The fake astronauts live like on Mars. They are isolated, there is a delay in communication and there are showers that take seconds – they even have to put on spacesuits as they leave the airlock.

The HI-SEAS researchers have found that most crews end up fighting sometime during the experiment. However, there are also many opportunities to analyze why conflicts occur and to create a better recipe for success in the future.

Angelo Vermeulen, a space systems researcher on the team, said, "It all comes down to crew selection, you need to match skills and psychological compatibility, and you can quickly see if problems are developing by simply calling people for "If there will be problems, you'll usually see them," Vermeulen said. "There are no warranty issues that do not arise over a long period of time, but you should use one However, these simulated missions have been criticized, and it is difficult to say if all the psychological effects of space travel could ever be reproduced here on Earth – all participants know that they are still on the planet, there could be more room for concern in space, a Conversely, stress could be reduced as soon as an astronaut adapts to his new environment and realizes that he is on long-haul routes.


Astronaut Nick Hague of NASA lays his hands against the glass while his wife Catie does the same, before leaving 254 for the launch pad. (Image credits: NASA, Victor Zelentsov)

When Space Feels Lonely

NASA research suggests that social support is most effective if it matches what the astronaut feels is overwhelmed. In case of conflicts on board a conversation with the rest of the crew helps. However, if someone misses their children or spouse, it is most reassuring to speak directly with them. Fortunately, on board the ISS and other recent missions, the Internet Protocol (IP) phone is used regularly Connect astronauts with their friends and family.

Many astronauts also find sharing videos, experimenting, and creating a social media music video in space can counteract the feeling of isolation. A tweet may not be the same as an intimate conversation with close friends and family members, but it does make you feel and feel better connected to the earth – it trains, inspires, and entertains fans all over World.

As flights become longer, loneliness and homesickness are likely to be a bigger problem – especially as communication from Earth takes longer, which can be 45 minutes or more than an hour.

One option could be the use of Virtual Reality, which helps astronauts feel calmer and more connected to life in their homeland. NASA's Human Research Program (HRP) suggests replacing "virtual windows with current windows to replace the lost view of the earth" or using VR technology to create environments alongside actual plants to familiarize astronauts with to ground natural scenes.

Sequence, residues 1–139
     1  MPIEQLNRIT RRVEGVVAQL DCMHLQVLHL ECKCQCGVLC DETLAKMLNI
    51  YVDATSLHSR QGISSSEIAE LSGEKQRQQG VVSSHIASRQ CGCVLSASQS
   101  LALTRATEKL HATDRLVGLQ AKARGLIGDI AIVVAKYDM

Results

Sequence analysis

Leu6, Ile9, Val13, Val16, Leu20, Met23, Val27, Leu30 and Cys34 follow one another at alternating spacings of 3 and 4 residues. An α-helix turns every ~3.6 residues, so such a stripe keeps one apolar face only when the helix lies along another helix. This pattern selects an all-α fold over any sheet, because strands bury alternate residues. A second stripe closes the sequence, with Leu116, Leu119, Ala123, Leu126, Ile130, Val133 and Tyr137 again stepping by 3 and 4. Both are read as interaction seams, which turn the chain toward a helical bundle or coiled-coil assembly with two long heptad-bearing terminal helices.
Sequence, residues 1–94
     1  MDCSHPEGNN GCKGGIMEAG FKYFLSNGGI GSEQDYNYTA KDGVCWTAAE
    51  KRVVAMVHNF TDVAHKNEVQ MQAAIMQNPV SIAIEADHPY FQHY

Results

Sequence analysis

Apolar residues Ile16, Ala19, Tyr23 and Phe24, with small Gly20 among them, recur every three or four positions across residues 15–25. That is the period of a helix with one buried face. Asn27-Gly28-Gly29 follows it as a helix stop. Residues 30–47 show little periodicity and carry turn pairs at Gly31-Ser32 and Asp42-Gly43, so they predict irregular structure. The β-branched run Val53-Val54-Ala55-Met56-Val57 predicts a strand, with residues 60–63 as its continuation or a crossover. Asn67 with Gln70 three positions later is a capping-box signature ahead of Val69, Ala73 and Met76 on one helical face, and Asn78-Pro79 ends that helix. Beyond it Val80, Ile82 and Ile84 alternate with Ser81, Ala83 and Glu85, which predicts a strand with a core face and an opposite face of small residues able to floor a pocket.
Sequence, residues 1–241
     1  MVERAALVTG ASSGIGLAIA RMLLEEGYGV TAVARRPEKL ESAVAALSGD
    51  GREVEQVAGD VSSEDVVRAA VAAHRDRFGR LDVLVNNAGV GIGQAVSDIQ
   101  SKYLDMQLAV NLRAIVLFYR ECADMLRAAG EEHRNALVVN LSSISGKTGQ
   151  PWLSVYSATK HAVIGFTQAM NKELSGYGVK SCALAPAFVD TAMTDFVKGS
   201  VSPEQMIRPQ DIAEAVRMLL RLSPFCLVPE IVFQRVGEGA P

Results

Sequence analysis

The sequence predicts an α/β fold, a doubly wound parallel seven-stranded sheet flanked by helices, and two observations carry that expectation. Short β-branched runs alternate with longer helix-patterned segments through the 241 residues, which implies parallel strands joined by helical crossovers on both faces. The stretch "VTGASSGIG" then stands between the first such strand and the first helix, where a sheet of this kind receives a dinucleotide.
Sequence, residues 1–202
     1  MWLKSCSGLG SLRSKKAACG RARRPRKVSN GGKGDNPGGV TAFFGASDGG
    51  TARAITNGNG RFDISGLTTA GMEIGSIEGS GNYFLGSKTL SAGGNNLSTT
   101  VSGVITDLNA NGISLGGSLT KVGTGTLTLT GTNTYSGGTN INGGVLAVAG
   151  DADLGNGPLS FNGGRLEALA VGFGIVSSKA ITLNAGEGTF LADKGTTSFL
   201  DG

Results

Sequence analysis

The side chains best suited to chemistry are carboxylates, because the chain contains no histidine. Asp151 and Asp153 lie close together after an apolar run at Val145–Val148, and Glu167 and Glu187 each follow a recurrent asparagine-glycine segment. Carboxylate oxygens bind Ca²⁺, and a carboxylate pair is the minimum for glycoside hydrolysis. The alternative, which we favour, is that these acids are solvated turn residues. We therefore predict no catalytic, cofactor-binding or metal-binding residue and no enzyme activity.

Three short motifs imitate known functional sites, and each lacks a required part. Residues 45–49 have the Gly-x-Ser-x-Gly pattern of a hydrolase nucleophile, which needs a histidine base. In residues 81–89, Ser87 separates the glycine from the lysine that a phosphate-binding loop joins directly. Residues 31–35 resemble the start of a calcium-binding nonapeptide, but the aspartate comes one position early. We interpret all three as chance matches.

VR [19659041] NASA has been using VR for years to train astronauts. Mission specialists are preparing for a mission to the ISS from 2010 at the Johnson Space Center with the help of a headset and gloves. (Image credits: NASA) </p>
<h2 id= Stay calm and keep flying

In addition to solitude and improving living conditions at home, it is also important for astronauts to know how to deal with stress and other conditions that pave the way They could affect play and how they interact with other crew members.

A recent ISS solution is private psychological sessions with a psychiatrist that take place every two weeks for at least 15 minutes. This helps the experts to track changes in mood or stress levels and to recommend steps that can be taken, such as: Changes in sleep patterns, different types of work or longer downtime.

There is also research to identify the physical symptoms of stress before a problem arises. Researchers at the Polytechnic University of Florida are working on a so-called "happy suit" that can help astronauts feel better over long distances in space. According to Space.com, the suit is a network of wireless sensors that can respond to an astronaut's vital signs in real time, adjusting temperature, light, oxygen, and so on.

Arman Sargolzaei, assistant professor of electrical engineering at The School said in a statement: "It is important that astronauts are mentally healthy during their missions, and currently there is no active real-time solution to help them when they are stressed or stressed to feel anxious. " […] This technology would help them immediately In the future, other examples of wearable and AI technology could be used, such as: B. biometric sensors that can detect an increase in cortisol levels, or the face recognition technology that detects when a facial expression indicates stress response.

The Realities of Life on Mars

As flight times increase from months to years, researchers expect cases of behavioral and psychiatric problems. For a trip to Mars, crews have to live for years in tight and extreme environments. This is a big jump from the six-month lower Earth orbit missions for which most of the astronauts were selected.

The red planet is probably filled with conflicting emotions as well. The outward journey will take months and could be lonely – especially as the communication delay to Earth increases. There could be a lot of excitement about landing on Martian soil, coupled with concern about how far away the crew is from home. Then there is anticipation of returning home and getting back to normal life – that's a lot for even the most obsessed astronaut.

The best solution at the moment is ongoing research, more analogous studies and a continuous commitment to consistent care and rigorous processes. In this way, NASA and other space agencies can make informed predictions about how crews will perform during longer missions and set up all necessary support structures to ensure that they succeed.